Forty-nine states—except New Hampshire—require vehicle owners to have liability insurance. (Seriously, what’s up with that, New Hampshire?) So chances are that the owner already has a liability policy on the car you’re borrowing. Your non-owner insurance is meant to cover damages that exceed what the primary policy covers—and that means your liability limit has to be higher.
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So let’s say your friend has the state minimum of $30,000 in liability insurance. You have a non-owner car insurance policy with a $50,000 liability limit. You crash your friend’s car, causing $50,000 of damage. Your friend’s liability insurance would cover the first $30,000 of expenses, and your insurance would cover the next $20,000, for a grand total of $50,000.
You might not have to pay a deductible . . . but that doesn’t mean you won’t pay anything if you get in an accident.
One nice thing about non-owner policies is that they usually don’t have a deductible. That means the insurance kicks in right away, so you don’t have to pay anything up front.
Now, if you’re thinking you can walk away free and clear like Scotch tape, we’re gonna burst your bubble. You may still have to pay for some of the damages if you get in an accident and your liability limit is too low.
Let’s go back to our example: Your friend has a $30,000 liability limit, and you have a $50,000 liability limit. But this time, you cause $60,000 worth of damage and medical bills. Your friend’s insurance covers $30,000 and yours covers the next $20,000 for a total of $50,000 . . . leaving you on the hook for 10 grand!
Remember, the higher your liability limit, the better protected you are. That’s why it’s so important to get the right amount of liability insurance. (Having a higher liability limit may raise your premiums a little, but trust us—when something goes wrong, you’ll be grateful for that extra coverage!)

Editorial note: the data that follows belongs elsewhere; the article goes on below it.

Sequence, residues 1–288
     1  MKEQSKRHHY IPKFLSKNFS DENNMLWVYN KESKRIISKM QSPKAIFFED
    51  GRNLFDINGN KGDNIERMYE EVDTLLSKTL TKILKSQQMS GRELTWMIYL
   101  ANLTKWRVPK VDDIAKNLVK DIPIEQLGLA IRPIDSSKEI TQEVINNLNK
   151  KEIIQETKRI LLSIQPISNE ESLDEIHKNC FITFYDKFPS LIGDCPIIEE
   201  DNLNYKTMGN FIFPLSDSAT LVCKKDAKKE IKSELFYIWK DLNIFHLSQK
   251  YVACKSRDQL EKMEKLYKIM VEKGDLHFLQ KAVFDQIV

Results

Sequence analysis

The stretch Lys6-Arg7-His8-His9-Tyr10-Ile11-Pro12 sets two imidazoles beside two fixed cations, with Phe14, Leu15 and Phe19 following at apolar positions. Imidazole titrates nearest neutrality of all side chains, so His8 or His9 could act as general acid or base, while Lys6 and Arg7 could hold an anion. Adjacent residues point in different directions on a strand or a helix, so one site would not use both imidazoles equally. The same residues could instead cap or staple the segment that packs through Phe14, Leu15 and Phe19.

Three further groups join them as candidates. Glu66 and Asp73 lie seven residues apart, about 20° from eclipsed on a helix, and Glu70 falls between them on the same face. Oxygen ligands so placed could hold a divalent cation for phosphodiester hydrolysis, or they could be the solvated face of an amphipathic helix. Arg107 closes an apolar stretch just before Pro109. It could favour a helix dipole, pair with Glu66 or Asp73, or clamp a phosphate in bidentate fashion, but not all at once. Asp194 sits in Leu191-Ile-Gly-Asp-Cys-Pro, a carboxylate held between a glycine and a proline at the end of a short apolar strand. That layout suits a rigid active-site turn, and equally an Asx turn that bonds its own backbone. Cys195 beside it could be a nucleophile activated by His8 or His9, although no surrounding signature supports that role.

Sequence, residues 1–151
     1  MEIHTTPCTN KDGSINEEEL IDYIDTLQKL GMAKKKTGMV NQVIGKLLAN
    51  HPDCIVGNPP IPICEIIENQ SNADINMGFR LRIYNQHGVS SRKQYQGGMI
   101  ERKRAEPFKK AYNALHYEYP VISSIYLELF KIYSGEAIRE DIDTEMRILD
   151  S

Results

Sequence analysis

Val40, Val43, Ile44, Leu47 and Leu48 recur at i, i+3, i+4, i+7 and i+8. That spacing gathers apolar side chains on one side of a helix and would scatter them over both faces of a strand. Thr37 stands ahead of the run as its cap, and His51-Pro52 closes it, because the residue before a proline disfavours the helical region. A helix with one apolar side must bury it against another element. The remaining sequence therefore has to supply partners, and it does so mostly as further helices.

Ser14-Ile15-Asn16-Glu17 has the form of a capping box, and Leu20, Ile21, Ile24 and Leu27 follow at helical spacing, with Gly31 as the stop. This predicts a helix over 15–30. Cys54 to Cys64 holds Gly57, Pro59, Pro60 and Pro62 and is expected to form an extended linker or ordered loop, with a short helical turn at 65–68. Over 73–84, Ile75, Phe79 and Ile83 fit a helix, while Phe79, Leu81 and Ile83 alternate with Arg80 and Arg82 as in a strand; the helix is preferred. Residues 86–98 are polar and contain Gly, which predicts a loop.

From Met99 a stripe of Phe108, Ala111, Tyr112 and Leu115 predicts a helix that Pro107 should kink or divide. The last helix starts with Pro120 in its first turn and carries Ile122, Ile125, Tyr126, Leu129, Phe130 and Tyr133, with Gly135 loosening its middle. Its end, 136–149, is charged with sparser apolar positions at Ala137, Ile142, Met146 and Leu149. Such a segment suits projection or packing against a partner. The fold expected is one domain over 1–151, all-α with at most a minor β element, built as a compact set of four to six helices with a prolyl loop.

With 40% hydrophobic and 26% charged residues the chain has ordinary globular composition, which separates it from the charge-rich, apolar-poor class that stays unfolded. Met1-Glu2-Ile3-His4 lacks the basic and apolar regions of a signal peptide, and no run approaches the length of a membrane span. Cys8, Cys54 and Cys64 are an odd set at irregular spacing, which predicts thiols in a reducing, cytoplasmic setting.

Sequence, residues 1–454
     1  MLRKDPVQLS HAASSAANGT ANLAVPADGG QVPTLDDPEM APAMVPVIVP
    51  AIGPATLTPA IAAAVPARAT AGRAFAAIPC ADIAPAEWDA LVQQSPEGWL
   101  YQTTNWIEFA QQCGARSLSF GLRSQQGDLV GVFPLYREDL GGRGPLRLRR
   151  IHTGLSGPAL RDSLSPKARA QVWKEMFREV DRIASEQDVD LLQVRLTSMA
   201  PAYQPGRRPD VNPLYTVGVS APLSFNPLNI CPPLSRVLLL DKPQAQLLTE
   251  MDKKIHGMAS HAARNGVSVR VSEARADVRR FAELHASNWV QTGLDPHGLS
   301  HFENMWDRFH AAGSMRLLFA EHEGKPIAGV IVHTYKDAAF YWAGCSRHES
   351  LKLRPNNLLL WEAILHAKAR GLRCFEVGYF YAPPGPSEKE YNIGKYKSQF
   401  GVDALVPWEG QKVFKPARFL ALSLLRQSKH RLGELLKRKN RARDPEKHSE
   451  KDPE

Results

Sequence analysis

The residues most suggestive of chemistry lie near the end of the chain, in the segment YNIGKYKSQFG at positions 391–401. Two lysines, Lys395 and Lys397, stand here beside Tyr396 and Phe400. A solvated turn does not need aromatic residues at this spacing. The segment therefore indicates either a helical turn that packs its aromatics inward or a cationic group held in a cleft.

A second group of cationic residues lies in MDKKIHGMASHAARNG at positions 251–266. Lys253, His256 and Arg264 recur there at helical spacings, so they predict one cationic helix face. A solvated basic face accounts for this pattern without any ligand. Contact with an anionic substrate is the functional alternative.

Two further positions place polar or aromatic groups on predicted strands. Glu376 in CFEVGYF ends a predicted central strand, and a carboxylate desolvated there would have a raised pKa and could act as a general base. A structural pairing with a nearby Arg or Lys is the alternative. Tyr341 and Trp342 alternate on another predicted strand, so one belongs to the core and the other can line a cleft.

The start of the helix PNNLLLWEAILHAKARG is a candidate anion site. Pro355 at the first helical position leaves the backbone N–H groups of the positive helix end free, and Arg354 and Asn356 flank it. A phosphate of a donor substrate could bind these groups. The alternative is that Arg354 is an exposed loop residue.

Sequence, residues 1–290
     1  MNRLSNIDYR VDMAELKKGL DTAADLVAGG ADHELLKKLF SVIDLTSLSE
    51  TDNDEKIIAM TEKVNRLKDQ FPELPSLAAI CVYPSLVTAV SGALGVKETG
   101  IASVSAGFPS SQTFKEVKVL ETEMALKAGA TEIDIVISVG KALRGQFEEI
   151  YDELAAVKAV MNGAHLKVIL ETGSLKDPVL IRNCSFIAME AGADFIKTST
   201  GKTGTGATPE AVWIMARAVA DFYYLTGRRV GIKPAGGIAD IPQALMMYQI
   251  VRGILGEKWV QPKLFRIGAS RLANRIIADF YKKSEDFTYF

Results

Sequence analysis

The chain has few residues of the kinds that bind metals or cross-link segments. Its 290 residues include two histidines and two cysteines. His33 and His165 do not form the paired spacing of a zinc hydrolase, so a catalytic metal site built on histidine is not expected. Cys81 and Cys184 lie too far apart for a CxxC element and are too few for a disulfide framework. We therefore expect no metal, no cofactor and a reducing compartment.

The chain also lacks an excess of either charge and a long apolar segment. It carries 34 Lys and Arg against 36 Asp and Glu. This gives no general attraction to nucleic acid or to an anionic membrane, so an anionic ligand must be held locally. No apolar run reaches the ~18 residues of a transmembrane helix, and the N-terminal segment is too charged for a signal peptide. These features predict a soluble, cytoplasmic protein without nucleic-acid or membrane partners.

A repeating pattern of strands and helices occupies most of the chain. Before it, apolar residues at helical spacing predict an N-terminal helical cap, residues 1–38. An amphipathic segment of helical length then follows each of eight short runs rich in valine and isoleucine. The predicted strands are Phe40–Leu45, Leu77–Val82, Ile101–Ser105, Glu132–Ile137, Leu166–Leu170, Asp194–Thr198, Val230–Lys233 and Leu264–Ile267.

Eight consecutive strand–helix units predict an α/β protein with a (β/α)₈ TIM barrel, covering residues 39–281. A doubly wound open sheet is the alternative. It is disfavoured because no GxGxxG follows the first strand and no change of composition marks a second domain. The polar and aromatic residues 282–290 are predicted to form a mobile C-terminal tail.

Who needs non-owner car insurance? (And who doesn’t?)
The name “non-owner car insurance” can make it sound like you only need this coverage if you don’t own a car at all—but that’s not necessarily true. You may have a car of your own and still need this insurance. And someone who doesn’t own a car and doesn’t drive much may not need it. So it’s important to make sure this is the right coverage for you before you buy it.
You’re most likely to need non-owner car insurance if you:
- Borrow other people’s cars a lot. We already talked about why you need non-owner car insurance if you borrow a car, so we won’t cover that again. But we do want to add one really important thing: Non-owner insurance does not cover borrowing a car from someone you live with. If that’s what you’re doing, you should be listed on your relative or roommate’s insurance policy.
- Rent cars frequently. From an insurance standpoint, renting a car works a lot like borrowing one because the rental company already has some coverage on the car. They’ll also sell you additional coverage. But if you rent often enough, carrying your own non-owner car insurance could actually be cheaper than the liability insurance you pay for at the car rental counter. (It won’t cover damage to the rental car itself, so you should look into getting a collision damage waiver through the rental company.)